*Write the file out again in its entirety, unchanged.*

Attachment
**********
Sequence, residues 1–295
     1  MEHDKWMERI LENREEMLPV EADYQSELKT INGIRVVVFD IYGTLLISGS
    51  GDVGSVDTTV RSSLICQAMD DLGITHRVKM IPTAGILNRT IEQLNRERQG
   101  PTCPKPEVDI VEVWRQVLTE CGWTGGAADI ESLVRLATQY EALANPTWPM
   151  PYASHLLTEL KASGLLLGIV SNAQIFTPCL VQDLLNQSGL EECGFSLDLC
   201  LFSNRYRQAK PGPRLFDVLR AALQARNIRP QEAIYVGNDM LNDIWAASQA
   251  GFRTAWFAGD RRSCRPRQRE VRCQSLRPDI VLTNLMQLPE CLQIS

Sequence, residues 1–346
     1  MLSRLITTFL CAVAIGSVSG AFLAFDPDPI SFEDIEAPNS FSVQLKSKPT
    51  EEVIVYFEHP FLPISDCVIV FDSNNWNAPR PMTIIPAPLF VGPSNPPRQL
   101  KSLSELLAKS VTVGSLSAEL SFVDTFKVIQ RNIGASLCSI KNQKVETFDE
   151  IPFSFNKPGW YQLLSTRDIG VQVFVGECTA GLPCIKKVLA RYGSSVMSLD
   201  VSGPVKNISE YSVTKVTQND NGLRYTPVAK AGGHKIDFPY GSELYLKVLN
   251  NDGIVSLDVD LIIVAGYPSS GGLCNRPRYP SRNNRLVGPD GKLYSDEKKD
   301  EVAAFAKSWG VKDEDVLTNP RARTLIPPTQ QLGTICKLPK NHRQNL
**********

Sequence, residues 1–295
     1  MEHDKWMERI LENREEMLPV EADYQSELKT INGIRVVVFD IYGTLLISGS
    51  GDVGSVDTTV RSSLICQAMD DLGITHRVKM IPTAGILNRT IEQLNRERQG
   101  PTCPKPEVDI VEVWRQVLTE CGWTGGAADI ESLVRLATQY EALANPTWPM
   151  PYASHLLTEL KASGLLLGIV SNAQIFTPCL VQDLLNQSGL EECGFSLDLC
   201  LFSNRYRQAK PGPRLFDVLR AALQARNIRP QEAIYVGNDM LNDIWAASQA
   251  GFRTAWFAGD RRSCRPRQRE VRCQSLRPDI VLTNLMQLPE CLQIS

Sequence, residues 1–346
     1  MLSRLITTFL CAVAIGSVSG AFLAFDPDPI SFEDIEAPNS FSVQLKSKPT
    51  EEVIVYFEHP FLPISDCVIV FDSNNWNAPR PMTIIPAPLF VGPSNPPRQL
   101  KSLSELLAKS VTVGSLSAEL SFVDTFKVIQ RNIGASLCSI KNQKVETFDE
   151  IPFSFNKPGW YQLLSTRDIG VQVFVGECTA GLPCIKKVLA RYGSSVMSLD
   201  VSGPVKNISE YSVTKVTQND NGLRYTPVAK AGGHKIDFPY GSELYLKVLN
   251  NDGIVSLDVD LIIVAGYPSS GGLCNRPRYP SRNNRLVGPD GKLYSDEKKD
   301  EVAAFAKSWG VKDEDVLTNP RARTLIPPTQ QLGTICKLPK NHRQNL